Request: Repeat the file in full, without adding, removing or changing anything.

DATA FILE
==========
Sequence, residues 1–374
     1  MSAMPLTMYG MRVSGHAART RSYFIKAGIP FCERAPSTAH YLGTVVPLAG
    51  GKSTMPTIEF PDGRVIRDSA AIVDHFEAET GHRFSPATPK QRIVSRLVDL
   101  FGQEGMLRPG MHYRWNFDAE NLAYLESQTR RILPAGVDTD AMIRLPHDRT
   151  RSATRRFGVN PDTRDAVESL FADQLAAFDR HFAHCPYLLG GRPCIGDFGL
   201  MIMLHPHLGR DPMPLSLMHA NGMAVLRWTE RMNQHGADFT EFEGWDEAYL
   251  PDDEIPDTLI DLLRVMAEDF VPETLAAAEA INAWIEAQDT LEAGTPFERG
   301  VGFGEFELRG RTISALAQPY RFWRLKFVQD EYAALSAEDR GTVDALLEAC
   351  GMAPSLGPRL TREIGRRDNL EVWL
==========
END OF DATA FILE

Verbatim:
Sequence, residues 1–374
     1  MSAMPLTMYG MRVSGHAART RSYFIKAGIP FCERAPSTAH YLGTVVPLAG
    51  GKSTMPTIEF PDGRVIRDSA AIVDHFEAET GHRFSPATPK QRIVSRLVDL
   101  FGQEGMLRPG MHYRWNFDAE NLAYLESQTR RILPAGVDTD AMIRLPHDRT
   151  RSATRRFGVN PDTRDAVESL FADQLAAFDR HFAHCPYLLG GRPCIGDFGL
   201  MIMLHPHLGR DPMPLSLMHA NGMAVLRWTE RMNQHGADFT EFEGWDEAYL
   251  PDDEIPDTLI DLLRVMAEDF VPETLAAAEA INAWIEAQDT LEAGTPFERG
   301  VGFGEFELRG RTISALAQPY RFWRLKFVQD EYAALSAEDR GTVDALLEAC
   351  GMAPSLGPRL TREIGRRDNL EVWL